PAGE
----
Civic leaders in Espoo, Finland's second largest city, realised that it had a lot of high-tech companies. However, there was little provision for small start-up businesses and entrepreneurship, particularly in the service sector and in arts and crafts, where graduates were struggling to find meaningful employment.
So staff at Omnia, one of the country's largest vocational institutes for 16- to 19-year-olds, set up an "entrepreneurial hub". Its aim was to create a community of people with a passion for entrepreneurship and to promote cooperation between work and education.
Thought to be the first scheme of its kind in the world, the InnoOmnia project invites small start-up businesses and entrepreneurs to rent workspace on the Omnia campus.
Applicants, who are given a questionnaire and interviewed before being accepted, are assessed on the basis of their potential value in terms of experience, fresh ideas and willingness to join in with community activities.
Successful applicants are expected to take part in a mix of formal, business-related events and more informal events built around networking. There is an emphasis on joint projects with the college's students, including business coaching and networking, with the aim of inspiring them to start their own businesses.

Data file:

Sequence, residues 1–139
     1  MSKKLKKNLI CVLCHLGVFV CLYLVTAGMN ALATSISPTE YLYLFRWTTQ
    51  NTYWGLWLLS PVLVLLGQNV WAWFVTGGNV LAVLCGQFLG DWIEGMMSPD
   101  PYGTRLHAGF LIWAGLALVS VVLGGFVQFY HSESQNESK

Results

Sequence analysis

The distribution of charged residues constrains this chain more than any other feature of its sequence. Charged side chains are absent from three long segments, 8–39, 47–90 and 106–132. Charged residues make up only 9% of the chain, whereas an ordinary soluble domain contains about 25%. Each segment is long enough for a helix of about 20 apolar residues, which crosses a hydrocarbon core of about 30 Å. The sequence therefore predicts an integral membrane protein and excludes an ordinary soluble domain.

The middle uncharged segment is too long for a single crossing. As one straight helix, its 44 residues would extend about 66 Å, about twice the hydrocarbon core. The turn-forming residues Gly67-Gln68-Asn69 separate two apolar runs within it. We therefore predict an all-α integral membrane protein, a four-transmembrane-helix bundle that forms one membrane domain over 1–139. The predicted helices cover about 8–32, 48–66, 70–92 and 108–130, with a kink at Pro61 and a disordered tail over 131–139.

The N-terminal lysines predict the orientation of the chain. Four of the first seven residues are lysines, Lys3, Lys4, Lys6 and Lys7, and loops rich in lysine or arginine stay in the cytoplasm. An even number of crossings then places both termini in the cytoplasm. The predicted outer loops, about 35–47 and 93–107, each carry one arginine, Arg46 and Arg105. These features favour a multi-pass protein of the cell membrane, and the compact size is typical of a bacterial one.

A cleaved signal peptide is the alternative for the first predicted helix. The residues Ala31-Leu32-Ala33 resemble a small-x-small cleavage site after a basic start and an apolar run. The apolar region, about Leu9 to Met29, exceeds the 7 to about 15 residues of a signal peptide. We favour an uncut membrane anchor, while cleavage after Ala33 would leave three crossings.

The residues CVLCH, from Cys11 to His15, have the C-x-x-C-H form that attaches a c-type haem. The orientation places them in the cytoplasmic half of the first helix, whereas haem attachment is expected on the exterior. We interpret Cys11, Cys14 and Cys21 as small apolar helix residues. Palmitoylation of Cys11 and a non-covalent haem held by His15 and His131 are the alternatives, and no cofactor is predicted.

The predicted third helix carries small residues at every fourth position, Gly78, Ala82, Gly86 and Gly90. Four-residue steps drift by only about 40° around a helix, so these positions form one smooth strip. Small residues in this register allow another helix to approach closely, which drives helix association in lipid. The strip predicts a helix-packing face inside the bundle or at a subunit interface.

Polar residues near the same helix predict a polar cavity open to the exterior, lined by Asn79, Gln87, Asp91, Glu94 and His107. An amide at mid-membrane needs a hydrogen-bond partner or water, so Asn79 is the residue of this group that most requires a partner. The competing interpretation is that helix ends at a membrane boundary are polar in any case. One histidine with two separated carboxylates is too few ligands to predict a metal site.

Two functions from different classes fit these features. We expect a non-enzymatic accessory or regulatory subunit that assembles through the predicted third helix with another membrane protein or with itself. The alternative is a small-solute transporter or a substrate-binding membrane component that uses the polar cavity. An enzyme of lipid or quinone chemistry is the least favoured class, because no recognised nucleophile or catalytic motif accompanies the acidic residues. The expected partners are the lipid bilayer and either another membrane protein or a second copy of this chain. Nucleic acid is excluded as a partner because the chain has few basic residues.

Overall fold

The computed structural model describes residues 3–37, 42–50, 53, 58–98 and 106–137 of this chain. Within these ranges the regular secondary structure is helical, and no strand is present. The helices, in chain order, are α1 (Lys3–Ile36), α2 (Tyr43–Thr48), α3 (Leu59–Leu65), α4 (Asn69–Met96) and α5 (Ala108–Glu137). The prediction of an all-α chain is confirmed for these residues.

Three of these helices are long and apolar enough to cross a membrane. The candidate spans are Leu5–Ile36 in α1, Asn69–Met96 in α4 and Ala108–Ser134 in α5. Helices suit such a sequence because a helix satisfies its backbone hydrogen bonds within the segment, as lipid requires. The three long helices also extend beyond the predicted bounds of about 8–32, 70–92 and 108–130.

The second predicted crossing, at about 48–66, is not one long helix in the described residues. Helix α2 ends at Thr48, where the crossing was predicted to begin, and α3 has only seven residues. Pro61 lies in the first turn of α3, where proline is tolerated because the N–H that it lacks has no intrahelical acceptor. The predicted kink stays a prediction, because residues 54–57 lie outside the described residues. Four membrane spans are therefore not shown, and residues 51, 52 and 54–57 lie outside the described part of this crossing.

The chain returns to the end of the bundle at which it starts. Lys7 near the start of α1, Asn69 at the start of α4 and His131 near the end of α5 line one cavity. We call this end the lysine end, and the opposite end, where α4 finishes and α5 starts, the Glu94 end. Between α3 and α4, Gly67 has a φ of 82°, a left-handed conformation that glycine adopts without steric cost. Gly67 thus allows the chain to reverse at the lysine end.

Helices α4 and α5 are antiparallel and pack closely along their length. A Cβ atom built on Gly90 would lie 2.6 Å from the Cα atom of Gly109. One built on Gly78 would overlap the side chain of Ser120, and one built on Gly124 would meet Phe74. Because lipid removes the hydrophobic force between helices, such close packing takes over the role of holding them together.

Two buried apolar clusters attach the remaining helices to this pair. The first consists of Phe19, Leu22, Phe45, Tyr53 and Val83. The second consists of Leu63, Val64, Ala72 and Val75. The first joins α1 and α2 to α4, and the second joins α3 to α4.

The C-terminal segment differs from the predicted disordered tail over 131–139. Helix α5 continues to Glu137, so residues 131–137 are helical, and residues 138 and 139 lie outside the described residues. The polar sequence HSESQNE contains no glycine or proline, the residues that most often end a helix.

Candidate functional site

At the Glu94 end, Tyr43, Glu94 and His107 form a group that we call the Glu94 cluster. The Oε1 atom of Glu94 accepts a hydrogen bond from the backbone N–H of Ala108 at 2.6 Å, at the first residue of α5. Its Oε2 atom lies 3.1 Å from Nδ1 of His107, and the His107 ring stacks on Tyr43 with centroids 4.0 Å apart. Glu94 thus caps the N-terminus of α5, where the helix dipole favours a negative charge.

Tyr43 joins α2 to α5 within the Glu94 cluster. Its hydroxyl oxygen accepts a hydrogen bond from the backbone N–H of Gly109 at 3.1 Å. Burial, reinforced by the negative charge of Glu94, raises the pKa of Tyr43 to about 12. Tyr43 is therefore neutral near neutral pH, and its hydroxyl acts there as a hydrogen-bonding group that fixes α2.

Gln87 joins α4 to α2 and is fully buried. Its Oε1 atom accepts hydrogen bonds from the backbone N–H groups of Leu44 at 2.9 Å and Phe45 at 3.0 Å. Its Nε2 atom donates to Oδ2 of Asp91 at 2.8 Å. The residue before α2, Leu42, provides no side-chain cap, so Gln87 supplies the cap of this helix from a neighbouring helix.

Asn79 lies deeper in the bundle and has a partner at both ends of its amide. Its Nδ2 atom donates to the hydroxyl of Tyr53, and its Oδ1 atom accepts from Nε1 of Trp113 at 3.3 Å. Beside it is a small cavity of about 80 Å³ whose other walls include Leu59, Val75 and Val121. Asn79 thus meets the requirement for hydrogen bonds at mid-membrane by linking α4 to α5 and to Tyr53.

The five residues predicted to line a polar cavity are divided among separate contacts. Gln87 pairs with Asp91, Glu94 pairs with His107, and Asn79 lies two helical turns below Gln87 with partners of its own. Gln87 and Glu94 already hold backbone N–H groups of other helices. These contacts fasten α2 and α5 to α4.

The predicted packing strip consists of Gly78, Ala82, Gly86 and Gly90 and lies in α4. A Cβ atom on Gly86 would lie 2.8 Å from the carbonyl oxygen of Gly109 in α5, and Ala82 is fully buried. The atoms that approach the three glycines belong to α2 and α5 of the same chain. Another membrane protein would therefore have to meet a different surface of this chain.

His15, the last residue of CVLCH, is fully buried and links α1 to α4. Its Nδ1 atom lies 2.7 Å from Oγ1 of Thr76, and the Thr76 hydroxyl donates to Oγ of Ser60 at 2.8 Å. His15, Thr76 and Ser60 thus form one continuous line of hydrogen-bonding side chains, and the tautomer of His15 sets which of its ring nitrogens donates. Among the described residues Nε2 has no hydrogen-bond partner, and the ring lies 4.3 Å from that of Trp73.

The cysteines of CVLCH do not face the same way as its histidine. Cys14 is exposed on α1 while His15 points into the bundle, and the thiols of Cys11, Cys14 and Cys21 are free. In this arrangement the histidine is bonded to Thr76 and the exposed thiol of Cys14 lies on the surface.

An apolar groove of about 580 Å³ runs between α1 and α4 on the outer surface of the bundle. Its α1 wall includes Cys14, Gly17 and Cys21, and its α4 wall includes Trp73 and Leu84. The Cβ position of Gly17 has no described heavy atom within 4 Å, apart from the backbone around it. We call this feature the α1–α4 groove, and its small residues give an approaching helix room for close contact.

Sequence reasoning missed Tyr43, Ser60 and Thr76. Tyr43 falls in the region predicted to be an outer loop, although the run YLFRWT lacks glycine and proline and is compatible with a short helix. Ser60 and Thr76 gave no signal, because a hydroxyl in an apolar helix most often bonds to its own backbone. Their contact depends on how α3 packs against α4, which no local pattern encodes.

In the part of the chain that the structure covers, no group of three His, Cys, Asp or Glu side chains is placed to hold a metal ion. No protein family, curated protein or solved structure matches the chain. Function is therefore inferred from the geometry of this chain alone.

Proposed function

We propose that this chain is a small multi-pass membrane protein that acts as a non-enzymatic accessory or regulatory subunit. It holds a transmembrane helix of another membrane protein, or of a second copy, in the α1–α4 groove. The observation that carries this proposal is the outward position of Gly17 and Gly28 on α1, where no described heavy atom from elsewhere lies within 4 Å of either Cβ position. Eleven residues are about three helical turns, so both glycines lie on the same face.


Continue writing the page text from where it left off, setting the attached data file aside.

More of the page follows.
Currently, about 50 entrepreneurs are taking part in the project, including some who rent tailor-made facilities and others who use space on a more ad hoc basis.
Tips from the scheme
To create a real sense of community, constant interaction with students is key. The entrepreneurs have to give and not just take.
Make teachers realise the project is not a threat to them. It is not about detracting from their teaching but adding another dimension.
Evidence that it works?
The project has been credited with having a huge impact on drop-out rates on Omnia's business and administration course, down from almost 40 per cent last year to just one person this year.
It has been selected as a best practice case study for the World Innovation Summit for Education book Learning a Living, by Valerie Hannon et al, to be published in January 2013.
Approach: Giving entrepreneurs and start-up businesses space inside a college
Started: August 2011
Leader: Mervi Jansson-Aalto, head of learning solutions at InnoOmnia
Type: Institution for vocational education and training
Location: Espoo, Finland
Age range: 16-19
Number of students: 10,000.